Theoretical Perspectives on Gender and Development

IDRC, 2000 - 215 pages
1 Commentaire
Theoretical Perspectives on Gender and Development demytsifies the theory of gender and development and shows how it plays an important role in everyday life. It explores the evolution of gender and development theory, introduces competing theoretical frameworks, and examines new and emerging debates. The focus is on the implications of theory for policy and practice, and the need to theorize gender and development to create a more egalitarian society.

This book is intended for classroom and workshop use in the fields of
development studies, development theory, gender and development, and women's studies. Its clear and straightforward prose will be appreciated by undergraduate and seasoned professional, alike. Classroom exercises, study questions, activities, and case studies are included. It is designed for use in both formal and nonformal educational settings.

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Page 125 - The failure to see the different reality of women's lives and to hear the differences in their voices stems in part from the assumption that there is a single mode of social experience and interpretation.
Page 12 - The best feminist analysis goes beyond these innovations in subject matter in a crucial way: it insists that the inquirer her/himself be placed in the same critical plane as the overt subject matter, thereby recovering the entire research process for scrutiny in the results of research. That is, the class, race, culture, and gender assumptions, beliefs, and behaviors of the researcher her/himself must be placed within the frame of the picture that she/he attempts to paint.
Page 107 - It is possible to identify all societies, in their economic dimensions, as lying within one of five categories: the traditional society, the preconditions for take-off, the take-off, the drive to maturity, and the age of high massconsumption.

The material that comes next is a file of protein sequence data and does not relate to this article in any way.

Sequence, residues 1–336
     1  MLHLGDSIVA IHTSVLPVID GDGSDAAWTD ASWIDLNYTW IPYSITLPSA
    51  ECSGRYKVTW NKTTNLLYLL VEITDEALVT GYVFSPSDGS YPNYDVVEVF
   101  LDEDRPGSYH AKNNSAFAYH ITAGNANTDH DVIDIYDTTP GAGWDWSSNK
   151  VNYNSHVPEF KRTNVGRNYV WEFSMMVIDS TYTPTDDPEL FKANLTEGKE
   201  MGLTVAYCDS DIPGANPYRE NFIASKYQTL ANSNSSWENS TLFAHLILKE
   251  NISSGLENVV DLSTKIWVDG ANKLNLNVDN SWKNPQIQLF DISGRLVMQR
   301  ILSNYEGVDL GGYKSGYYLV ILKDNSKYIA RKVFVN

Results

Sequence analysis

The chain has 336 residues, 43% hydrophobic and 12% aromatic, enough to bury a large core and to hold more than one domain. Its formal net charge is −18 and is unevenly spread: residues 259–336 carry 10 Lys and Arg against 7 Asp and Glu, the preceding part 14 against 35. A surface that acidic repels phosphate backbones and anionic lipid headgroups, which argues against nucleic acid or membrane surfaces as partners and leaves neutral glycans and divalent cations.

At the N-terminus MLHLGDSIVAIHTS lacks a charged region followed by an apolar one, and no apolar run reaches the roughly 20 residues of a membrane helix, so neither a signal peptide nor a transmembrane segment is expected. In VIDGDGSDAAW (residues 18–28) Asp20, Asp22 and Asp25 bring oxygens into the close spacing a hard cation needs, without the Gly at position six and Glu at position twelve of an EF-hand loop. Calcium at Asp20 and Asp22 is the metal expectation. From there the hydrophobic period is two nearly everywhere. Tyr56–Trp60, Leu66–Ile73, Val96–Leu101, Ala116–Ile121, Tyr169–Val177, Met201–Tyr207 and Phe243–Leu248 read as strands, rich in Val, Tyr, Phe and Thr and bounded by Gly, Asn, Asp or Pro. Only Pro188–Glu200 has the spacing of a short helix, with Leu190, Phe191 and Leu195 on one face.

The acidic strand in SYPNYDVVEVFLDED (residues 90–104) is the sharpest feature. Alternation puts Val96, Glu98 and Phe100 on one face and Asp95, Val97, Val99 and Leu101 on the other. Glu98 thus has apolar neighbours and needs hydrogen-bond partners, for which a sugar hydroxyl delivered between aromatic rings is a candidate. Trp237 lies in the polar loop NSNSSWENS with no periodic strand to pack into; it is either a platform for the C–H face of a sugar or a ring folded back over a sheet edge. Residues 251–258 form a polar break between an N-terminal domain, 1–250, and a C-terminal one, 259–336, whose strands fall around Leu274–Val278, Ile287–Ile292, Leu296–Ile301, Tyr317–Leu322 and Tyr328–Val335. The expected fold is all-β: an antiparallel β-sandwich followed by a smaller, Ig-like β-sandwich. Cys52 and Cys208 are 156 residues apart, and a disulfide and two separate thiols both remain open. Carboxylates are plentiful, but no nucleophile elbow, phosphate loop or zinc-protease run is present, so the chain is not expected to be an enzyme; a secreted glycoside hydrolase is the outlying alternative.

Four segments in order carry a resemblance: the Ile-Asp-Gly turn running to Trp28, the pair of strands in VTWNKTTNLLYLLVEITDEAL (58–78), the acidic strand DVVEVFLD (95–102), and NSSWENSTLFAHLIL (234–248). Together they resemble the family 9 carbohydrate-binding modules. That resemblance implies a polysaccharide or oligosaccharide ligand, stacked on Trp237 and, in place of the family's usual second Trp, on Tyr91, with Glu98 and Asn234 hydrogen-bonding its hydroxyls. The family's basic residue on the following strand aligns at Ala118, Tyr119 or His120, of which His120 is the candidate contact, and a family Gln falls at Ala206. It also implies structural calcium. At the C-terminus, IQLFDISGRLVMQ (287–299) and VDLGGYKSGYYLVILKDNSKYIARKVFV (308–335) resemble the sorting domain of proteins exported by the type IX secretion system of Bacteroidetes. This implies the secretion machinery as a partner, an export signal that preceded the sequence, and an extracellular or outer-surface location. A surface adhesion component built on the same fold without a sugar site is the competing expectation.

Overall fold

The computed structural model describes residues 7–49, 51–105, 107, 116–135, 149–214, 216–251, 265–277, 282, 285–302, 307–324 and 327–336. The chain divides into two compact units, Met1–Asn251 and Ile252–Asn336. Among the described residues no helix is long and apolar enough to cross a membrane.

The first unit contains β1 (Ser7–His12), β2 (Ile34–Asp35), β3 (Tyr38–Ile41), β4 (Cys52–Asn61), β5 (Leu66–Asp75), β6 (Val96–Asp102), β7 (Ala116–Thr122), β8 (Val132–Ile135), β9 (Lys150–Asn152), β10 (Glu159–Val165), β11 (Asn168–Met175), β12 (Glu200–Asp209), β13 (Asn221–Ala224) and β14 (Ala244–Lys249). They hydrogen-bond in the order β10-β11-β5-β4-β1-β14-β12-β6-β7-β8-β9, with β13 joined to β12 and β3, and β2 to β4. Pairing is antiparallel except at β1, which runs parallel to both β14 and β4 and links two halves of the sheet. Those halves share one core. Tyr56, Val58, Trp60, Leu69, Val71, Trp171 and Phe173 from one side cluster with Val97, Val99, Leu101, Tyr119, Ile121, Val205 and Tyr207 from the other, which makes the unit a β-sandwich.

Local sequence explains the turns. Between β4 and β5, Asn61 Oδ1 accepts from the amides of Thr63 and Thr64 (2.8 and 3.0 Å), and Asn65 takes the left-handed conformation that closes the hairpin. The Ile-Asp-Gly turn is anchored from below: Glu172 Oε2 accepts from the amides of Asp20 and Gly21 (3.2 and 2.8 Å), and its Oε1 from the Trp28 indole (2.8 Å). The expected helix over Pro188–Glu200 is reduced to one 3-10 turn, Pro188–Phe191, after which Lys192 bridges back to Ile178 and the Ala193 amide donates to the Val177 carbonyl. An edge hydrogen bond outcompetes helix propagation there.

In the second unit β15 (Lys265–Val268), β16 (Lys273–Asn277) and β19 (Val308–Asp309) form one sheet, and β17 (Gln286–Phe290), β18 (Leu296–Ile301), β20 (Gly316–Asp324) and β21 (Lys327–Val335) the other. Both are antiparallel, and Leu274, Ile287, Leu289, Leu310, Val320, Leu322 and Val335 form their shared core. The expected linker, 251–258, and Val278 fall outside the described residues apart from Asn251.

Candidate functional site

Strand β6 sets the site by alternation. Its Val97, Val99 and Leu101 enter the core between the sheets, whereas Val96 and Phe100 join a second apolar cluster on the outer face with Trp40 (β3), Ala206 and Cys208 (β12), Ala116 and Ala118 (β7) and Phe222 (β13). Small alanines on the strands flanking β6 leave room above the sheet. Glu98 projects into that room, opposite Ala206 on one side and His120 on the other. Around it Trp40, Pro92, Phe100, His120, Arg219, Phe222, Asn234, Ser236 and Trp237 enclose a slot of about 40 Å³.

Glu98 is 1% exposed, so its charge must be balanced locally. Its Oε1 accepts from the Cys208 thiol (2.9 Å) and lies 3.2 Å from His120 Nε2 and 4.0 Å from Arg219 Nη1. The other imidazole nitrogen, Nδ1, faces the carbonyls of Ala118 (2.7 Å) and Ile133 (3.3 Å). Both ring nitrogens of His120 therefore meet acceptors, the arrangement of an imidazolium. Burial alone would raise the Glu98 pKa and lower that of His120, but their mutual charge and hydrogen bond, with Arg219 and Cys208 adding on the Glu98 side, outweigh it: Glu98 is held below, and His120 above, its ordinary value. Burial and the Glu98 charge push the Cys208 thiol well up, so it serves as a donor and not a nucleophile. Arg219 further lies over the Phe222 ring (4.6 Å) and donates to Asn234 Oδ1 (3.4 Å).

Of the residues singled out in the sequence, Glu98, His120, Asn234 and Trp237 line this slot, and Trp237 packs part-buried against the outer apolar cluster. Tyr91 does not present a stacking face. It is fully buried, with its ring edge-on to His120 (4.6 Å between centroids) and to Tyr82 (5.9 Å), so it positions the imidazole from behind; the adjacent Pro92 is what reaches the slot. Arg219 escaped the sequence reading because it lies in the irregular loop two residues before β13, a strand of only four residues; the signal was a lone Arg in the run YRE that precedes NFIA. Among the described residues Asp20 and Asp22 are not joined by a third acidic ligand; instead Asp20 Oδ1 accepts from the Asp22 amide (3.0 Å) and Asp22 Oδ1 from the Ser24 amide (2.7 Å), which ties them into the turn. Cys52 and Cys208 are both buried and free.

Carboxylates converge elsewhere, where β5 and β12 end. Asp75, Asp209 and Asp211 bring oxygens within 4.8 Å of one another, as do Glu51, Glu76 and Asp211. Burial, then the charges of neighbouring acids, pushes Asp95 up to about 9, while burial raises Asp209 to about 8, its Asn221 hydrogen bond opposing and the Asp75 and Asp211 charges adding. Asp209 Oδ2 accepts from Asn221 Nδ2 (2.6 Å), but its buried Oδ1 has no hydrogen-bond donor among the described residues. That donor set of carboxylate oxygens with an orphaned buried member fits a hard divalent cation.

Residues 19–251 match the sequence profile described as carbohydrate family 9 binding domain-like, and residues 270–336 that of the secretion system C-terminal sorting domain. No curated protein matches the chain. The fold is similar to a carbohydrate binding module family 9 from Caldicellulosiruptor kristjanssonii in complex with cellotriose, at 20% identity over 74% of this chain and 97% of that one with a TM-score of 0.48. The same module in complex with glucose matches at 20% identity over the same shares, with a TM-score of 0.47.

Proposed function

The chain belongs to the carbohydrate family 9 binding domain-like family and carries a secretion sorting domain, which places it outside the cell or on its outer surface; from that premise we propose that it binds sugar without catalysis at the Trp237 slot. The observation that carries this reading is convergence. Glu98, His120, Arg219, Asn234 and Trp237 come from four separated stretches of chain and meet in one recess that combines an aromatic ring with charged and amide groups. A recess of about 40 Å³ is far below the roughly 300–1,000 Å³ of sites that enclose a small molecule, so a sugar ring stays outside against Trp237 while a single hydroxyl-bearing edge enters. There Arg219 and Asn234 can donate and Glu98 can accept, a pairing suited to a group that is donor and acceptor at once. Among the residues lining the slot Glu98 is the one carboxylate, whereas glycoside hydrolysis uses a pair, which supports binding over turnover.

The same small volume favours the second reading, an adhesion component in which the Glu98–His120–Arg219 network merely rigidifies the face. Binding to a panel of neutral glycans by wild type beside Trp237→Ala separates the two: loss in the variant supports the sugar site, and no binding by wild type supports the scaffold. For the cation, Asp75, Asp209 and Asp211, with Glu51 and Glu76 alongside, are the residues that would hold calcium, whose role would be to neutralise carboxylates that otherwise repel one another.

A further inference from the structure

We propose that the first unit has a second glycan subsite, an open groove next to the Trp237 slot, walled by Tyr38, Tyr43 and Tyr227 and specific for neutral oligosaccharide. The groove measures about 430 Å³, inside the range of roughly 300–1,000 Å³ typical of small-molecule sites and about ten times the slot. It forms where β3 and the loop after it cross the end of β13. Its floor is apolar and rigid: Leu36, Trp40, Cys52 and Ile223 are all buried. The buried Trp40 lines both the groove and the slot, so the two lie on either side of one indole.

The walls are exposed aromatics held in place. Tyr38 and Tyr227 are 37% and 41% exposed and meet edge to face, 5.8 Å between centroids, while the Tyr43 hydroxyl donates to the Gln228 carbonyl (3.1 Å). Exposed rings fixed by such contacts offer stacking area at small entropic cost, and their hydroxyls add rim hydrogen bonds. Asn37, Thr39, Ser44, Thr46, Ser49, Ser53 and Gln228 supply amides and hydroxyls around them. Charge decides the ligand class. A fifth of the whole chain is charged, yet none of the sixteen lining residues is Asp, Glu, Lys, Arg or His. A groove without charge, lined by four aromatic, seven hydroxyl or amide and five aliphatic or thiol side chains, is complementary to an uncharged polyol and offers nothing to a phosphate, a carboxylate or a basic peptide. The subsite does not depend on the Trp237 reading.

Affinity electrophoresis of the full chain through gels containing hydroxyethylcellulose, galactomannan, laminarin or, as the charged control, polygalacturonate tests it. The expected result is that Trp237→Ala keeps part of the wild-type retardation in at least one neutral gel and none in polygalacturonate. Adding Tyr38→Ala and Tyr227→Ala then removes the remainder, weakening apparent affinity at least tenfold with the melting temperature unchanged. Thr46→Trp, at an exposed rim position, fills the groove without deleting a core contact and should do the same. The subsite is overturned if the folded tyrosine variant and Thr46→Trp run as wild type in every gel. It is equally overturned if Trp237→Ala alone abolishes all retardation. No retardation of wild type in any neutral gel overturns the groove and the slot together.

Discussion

Page 12 - Instead, as we will see, we are often explicitly told by the researcher what her/his gender, race, class, culture is, and sometimes how she/he suspects this has shaped the research project— though of course we are free to arrive at contrary hypotheses about the influence of the researcher's presence on her/his analysis.
Page 32 - It defines sustainable development as "development that meets the needs of the present without compromising the ability of future generations to meet their own needs
Page 125 - As we have listened for centuries to the voices of men and the theories of development that their experience informs, so we have come more recently to notice not only the silence of women but the difficulty in hearing what they say when they speak.
Page 129 - As a general rule, men's position in patriarchy and capitalism prevents them from recognizing both human needs for nurturance, sharing, and growth, and the potential for meeting those needs in a nonhierarchical, nonpatriarchal society. But even if we raise their consciousness, men might assess the potential gains against the potential losses and choose the status quo. Men have more to lose than their chains. As feminist socialists, we must organize a practice which addresses both the struggle against...
Page 125 - My research suggests that men and women may speak different languages that they assume are the same, using similar words to encode disparate experiences of self and social relationships. Because these languages share an overlapping moral vocabulary, they contain a propensity for systematic mistranslation, creating misunderstandings which impede communication and limit the potential for cooperation and care in relationships.
Page 110 - The take-off is the interval when the old blocks and resistances to steady growth are finally overcome. The forces making for economic progress, which yielded limited bursts and enclaves of modern activity, expand and come to dominate the society. Growth becomes its normal condition.
Page 109 - The second stage of growth embraces societies in the process of transition; that is, the period when the preconditions for take-off are developed; for it takes time to transform a traditional society in the ways necessary for it to exploit the fruits of modern science...

À propos de l'auteur (2000)

Jane L. Parpart is a professor of history, women's studies, and international studies, and coordinator of International Development Studies at Dalhousie University, Halifax, Canada.

V. Eudine Barriteau is a lecturer and head of the Center for Gender and Development Studies at the University of the West Indies, Barbados.

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